Hatred never ends through hatred. By non-hatred alone does it end. This is an eternal truth.” These words spoken by the Buddha over 2,500 years ago point to the spirit of nonharming so central to his teaching that the first ethical precept for laypeople is to refrain from taking life. People committed to this path often take on a vegetarian lifestyle and pursue alternatives to killing pests. Yet, under the guise of “bringing democracy” to other nations, our government could require young practitioners to participate in killing.
The cost of war is incalculable. As reported in recent articles in the Christian Science Monitor and the Washington Post, ninety percent of the casualties in recent wars have been civilians. In addition to the physical casualties, there is often irreparable damage to mental health not only for “victims,” but also for “perpetrators”—everyone involved in violence. Haunting memories can be devastating. The Buddha warned that the taking of life is a condition for experiencing fear, animosity, mental pain and despair in both the present and the future.
Our son, Adam, recently turned eighteen, and I’m concerned for him and all the young men in the U.S. who are required to register for the Selective Service. I remember what that meant for many in my generation: Vietnam, Canada or jail.
Will we soon have a draft? While many think it’s unlikely because it would be extremely unpopular, the war is dragging on and experts believe we simply do not have enough troops. The Army has begun recalling people who have already served their time, including mothers of small children. Many young people I know fear that the draft will be reinstated, women included, deferments declined.
Poor and working people have traditionally seen military service as a way to gain discipline, job skills and a chance to afford college. According to the Central Committee for Conscientious Objectors (CCCO), the majority of those who enlist actually receive no aid for college, and the prospect of learning transferable job skills in Iraq is unlikely.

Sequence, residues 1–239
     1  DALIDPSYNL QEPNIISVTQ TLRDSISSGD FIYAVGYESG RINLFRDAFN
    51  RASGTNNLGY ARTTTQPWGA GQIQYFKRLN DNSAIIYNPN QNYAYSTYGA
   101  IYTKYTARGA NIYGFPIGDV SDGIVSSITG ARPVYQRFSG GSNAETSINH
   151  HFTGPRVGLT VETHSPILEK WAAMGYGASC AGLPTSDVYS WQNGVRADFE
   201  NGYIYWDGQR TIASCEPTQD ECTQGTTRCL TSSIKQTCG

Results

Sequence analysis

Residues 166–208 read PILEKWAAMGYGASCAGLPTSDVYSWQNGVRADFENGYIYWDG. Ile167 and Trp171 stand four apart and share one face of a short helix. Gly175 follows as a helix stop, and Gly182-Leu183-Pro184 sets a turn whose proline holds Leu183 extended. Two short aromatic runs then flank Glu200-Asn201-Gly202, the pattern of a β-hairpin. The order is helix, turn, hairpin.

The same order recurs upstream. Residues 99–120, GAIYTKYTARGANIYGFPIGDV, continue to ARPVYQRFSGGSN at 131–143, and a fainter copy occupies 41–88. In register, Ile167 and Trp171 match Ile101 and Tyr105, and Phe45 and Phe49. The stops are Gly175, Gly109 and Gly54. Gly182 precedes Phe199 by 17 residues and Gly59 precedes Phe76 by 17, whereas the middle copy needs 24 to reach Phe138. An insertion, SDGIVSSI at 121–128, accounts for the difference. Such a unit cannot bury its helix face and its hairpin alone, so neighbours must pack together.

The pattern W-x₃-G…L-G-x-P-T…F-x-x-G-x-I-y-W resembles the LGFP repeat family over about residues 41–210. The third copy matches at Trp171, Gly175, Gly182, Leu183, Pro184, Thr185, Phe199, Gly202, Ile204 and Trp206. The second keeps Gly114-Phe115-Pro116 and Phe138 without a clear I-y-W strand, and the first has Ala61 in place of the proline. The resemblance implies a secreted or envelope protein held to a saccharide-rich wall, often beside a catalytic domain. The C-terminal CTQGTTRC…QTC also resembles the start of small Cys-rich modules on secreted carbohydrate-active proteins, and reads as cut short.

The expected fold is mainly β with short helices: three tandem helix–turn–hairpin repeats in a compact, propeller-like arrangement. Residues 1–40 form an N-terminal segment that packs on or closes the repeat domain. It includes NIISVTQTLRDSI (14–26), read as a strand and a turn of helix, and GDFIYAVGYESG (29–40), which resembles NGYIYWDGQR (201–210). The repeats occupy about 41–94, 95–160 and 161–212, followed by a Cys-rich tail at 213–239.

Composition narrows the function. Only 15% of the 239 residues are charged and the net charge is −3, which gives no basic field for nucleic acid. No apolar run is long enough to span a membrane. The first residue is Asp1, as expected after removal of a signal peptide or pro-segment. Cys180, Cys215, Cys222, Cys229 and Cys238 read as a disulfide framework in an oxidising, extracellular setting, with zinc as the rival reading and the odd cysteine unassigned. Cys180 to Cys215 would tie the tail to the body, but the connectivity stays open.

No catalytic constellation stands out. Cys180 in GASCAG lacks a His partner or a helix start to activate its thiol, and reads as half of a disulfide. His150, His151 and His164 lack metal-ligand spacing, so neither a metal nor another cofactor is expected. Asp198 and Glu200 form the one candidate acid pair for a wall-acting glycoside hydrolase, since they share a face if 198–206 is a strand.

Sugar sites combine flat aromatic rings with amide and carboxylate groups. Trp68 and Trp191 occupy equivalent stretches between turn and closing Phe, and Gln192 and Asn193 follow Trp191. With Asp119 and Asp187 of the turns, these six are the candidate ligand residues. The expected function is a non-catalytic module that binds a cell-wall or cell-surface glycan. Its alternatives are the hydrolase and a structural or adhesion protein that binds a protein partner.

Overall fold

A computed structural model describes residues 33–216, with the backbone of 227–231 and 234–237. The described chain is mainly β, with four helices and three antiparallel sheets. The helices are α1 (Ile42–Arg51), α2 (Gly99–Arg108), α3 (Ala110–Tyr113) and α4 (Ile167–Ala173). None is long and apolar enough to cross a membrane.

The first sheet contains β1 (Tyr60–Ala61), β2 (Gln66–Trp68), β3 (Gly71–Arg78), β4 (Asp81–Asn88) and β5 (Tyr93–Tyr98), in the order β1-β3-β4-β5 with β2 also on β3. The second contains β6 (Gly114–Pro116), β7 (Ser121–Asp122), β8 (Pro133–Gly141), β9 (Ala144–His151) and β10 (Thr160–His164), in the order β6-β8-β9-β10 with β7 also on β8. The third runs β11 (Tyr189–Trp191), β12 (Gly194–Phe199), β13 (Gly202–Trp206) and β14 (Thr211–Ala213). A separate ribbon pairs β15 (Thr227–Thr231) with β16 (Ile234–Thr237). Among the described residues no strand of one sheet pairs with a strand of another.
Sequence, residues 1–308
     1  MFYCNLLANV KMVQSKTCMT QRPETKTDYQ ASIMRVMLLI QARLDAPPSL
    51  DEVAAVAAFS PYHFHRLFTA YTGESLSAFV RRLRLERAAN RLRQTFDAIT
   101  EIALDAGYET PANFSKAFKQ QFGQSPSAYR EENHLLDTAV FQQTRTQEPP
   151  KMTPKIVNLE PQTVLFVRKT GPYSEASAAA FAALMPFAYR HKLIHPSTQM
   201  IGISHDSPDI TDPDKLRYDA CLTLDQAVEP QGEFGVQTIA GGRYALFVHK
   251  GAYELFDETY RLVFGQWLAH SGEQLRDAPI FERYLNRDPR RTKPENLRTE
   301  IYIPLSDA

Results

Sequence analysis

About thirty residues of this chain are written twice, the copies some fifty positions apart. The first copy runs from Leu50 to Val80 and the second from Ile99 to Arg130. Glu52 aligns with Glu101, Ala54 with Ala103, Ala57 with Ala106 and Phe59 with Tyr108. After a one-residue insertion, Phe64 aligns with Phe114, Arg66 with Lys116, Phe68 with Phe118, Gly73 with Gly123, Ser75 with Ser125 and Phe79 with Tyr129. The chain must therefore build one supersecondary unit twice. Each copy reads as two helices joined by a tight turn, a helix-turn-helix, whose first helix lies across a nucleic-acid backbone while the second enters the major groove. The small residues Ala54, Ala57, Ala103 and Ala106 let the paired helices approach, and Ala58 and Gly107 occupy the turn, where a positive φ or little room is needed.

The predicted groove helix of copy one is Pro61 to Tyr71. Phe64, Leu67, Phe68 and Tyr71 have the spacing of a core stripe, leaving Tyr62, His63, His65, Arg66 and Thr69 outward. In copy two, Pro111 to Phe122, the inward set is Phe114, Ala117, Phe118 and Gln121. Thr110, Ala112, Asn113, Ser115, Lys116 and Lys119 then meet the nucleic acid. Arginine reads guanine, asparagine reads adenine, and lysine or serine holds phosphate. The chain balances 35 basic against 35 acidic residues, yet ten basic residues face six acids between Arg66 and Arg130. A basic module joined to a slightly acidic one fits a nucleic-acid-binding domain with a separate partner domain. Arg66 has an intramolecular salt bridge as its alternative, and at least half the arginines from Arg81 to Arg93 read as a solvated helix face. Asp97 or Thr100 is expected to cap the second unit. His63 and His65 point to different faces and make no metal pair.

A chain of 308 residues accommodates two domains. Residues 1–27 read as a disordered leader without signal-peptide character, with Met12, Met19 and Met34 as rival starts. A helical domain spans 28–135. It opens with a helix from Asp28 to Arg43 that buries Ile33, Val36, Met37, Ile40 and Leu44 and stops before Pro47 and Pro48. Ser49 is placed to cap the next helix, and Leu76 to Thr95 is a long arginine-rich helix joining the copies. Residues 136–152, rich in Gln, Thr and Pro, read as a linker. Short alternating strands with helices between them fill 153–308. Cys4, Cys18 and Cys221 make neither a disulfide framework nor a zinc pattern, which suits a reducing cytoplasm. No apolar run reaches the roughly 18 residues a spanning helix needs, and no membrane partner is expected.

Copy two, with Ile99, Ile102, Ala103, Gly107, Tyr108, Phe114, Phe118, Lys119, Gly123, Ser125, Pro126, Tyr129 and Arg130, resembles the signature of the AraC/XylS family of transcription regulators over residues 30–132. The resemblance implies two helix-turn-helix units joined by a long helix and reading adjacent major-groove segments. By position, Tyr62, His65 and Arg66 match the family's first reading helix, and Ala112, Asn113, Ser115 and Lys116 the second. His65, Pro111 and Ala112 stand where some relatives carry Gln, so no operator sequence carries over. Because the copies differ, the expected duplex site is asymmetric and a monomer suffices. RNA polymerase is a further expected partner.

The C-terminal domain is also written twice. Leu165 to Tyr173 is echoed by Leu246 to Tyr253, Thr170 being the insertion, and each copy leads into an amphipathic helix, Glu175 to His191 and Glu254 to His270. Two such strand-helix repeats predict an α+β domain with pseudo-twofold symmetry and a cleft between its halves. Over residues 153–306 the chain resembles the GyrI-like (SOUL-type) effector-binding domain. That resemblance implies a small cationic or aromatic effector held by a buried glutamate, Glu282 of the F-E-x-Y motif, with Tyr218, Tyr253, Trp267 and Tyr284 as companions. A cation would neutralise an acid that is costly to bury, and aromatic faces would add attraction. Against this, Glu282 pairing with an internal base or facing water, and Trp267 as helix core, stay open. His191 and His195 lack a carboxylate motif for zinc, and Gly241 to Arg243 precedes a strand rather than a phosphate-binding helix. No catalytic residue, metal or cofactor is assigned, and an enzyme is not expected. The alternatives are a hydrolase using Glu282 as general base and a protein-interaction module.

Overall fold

Young people who value the Buddha’s teachings on nonharming might consider the option of applying for conscientious objector status when asked to report. CCCO warns that if drafted, a person could have as few as ten days to report, and it recommends compiling a CO file now that could be presented as evidence in a draft board hearing. This would be comprised of several parts:
1. A statement about your beliefs, how you arrived at them, and what effect those beliefs have had on how you live your life.
2. A record of books you’ve read; organizations you belong to; and workshops, classes and demonstrations you’ve attended.
3. Letters of support from teachers, friends and religious leaders who know about your beliefs.
Whether or not we actually have a draft, clarifying one’s values and creating a lifestyle in support of those choices can be profound. The Buddha’s advice to his son, Rahula, was to reflect carefully before, during and after whether any action would cause harm to himself or others. An examination of one’s deepest beliefs regarding war and violence can become a doorway to the dharma.
At Spirit Rock Meditation Center in Woodacre, California, we are exploring possibilities for creating such a values clarification program. The inquiry could be stimulating and enriching if done in a supportive environment with others grappling with the same questions under the guidance of wise mentors. Our vision includes the development of a curriculum that can be modified and used by other religious organizations or individuals. The spirit of respect for life is at the heart of every spiritual tradition. We’d like to see programs all over the country helping young people to resist the pressure to join the military and to establish CO portfolios.
My husband, James, and I have also begun discussions with others outside our Buddhist circle; we believe that an interfaith conscientious objector movement is an important addition to the national “moral values” debate. We envision community service as a patriotic alternative to joining the military. This positive social action is a chance to learn and practice generosity in a society that has modeled so much greed.
At a time when the mentality of violent retribution is widespread, we are especially grateful to be involved in a creative, fulfilling project with a community of people who share values of nonviolence. We take refuge in the knowledge that small acts, when multiplied by millions of people, can have a huge impact. We invite you to join us.